"Where are the jobs?"
In Washington, it's a question that Republicans brandished like a sword during the first two years of Barack Obama's presidency and one that Democrats used when the GOP took control of the House of Representatives in January.
For both parties heading into another campaign, the question remains the same, and the answers aren't any closer. While there are plenty of ideas about job creation, political realities make implementation unlikely.
So a softening of the economy — reflected in Friday's dismal jobs data from the Department of Labor — doesn't mean Congress will pass a new stimulus program. Deficits and debt dominate the Washington agenda, not new ways to create jobs.
Only 54,000 jobs were added in May, and the unemployment rate, which had declined since last year, ticked up to 9.1 percent.
It isn’t that Obama and congressional Republicans aren’t offering job creation proposals — they have been for months. And it isn’t that Obama hasn’t signed job creation legislation — he did last December.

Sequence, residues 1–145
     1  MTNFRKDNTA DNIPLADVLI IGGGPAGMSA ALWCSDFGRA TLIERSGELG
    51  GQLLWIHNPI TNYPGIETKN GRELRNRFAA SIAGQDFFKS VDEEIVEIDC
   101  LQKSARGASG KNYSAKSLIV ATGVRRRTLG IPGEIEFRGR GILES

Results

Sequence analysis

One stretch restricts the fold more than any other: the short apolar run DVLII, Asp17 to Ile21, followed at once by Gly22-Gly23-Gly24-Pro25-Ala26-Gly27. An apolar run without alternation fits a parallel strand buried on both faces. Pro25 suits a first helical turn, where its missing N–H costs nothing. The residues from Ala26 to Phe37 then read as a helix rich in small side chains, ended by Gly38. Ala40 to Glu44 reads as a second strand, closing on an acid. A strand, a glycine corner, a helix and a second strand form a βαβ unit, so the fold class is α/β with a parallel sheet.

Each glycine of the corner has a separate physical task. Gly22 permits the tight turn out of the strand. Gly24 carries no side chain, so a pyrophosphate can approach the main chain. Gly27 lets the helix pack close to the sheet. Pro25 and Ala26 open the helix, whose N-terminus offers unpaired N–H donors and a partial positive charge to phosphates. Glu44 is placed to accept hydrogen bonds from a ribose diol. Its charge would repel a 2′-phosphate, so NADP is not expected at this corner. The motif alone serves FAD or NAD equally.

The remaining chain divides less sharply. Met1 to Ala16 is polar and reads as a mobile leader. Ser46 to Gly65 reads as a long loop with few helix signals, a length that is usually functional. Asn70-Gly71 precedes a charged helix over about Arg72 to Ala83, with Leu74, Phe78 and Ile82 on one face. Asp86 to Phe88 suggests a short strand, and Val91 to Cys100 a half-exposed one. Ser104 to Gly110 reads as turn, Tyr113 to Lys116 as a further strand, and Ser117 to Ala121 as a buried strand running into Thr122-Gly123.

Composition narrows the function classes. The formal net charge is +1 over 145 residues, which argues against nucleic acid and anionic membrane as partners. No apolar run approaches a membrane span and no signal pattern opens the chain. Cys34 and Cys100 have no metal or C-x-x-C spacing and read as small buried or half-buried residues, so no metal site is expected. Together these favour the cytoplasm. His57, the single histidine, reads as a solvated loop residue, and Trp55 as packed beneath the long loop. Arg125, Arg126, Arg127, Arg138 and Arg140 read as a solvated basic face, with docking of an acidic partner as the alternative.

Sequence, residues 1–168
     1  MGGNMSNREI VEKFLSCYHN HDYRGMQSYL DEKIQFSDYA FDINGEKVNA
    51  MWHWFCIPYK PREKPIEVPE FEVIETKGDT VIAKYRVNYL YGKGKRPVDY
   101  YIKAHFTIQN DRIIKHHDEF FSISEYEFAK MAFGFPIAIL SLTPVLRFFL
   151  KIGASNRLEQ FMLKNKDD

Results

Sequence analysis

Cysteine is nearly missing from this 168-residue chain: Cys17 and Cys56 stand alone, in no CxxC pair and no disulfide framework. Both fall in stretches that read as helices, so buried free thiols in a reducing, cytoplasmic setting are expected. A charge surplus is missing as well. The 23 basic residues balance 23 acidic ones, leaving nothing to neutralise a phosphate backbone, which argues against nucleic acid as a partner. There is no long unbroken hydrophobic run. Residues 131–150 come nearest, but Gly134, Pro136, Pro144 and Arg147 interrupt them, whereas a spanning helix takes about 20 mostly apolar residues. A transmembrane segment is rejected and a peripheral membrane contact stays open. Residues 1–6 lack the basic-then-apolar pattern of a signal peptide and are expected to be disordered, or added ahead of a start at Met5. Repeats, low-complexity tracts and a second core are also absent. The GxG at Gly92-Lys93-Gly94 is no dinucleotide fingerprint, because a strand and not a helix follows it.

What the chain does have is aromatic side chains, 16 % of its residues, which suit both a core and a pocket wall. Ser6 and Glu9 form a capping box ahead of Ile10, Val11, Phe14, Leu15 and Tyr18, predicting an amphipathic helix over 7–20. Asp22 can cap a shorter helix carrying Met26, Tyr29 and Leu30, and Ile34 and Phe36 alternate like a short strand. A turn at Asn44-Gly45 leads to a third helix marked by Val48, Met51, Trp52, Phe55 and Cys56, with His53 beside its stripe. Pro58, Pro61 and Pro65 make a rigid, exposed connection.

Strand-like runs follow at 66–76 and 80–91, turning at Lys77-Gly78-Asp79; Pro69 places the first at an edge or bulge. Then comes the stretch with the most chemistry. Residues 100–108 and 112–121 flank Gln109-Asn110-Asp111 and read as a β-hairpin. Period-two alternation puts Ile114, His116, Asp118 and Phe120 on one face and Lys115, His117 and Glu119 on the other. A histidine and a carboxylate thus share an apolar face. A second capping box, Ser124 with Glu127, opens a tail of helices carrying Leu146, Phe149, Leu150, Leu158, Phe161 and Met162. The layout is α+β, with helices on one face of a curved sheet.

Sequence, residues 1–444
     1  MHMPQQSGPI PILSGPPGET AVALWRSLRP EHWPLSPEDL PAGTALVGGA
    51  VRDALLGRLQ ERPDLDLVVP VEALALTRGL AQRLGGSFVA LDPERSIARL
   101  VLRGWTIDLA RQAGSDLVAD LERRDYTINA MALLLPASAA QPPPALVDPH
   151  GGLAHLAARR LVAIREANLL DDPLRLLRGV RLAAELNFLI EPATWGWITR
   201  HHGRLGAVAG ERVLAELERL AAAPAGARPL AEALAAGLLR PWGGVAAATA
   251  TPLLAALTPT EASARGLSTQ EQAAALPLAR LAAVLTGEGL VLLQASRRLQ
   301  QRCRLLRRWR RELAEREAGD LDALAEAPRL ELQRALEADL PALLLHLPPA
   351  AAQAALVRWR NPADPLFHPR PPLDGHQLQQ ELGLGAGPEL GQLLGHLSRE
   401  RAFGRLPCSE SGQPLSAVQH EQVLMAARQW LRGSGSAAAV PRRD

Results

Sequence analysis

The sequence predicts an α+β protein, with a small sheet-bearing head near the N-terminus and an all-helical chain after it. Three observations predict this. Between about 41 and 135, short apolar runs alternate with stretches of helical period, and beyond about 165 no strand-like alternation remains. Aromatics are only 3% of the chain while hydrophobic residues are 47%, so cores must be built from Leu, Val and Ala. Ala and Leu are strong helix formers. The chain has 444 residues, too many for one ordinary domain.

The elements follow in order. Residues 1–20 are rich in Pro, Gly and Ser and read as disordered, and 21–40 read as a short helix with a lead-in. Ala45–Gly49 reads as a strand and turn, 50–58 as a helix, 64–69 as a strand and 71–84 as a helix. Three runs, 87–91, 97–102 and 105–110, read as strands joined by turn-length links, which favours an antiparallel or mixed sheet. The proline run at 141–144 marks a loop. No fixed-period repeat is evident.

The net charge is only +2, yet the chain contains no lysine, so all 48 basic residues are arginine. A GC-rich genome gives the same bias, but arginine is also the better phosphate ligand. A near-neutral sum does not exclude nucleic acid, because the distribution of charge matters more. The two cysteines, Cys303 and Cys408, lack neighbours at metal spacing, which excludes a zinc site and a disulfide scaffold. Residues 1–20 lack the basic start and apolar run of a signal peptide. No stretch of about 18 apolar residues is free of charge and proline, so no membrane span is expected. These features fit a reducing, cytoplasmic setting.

In an interview on CNBC Friday morning, Labor Secretary Hilda Solis emphasized the positive trend of the previous few months: "If you look back on the last four months, we've on average put (on) about 200,000 jobs each month.... And if you look at the past 15 months, it's well over 2.1 million private-sector jobs. We're on the right path. We knew all along we were going to have some bumps in the road."
During a visit to a Chrysler plant in Toledo, Ohio Friday Obama celebrated the revival of the American automobile industry and defended the bailout of Chrysler and General Motors which began in 2008.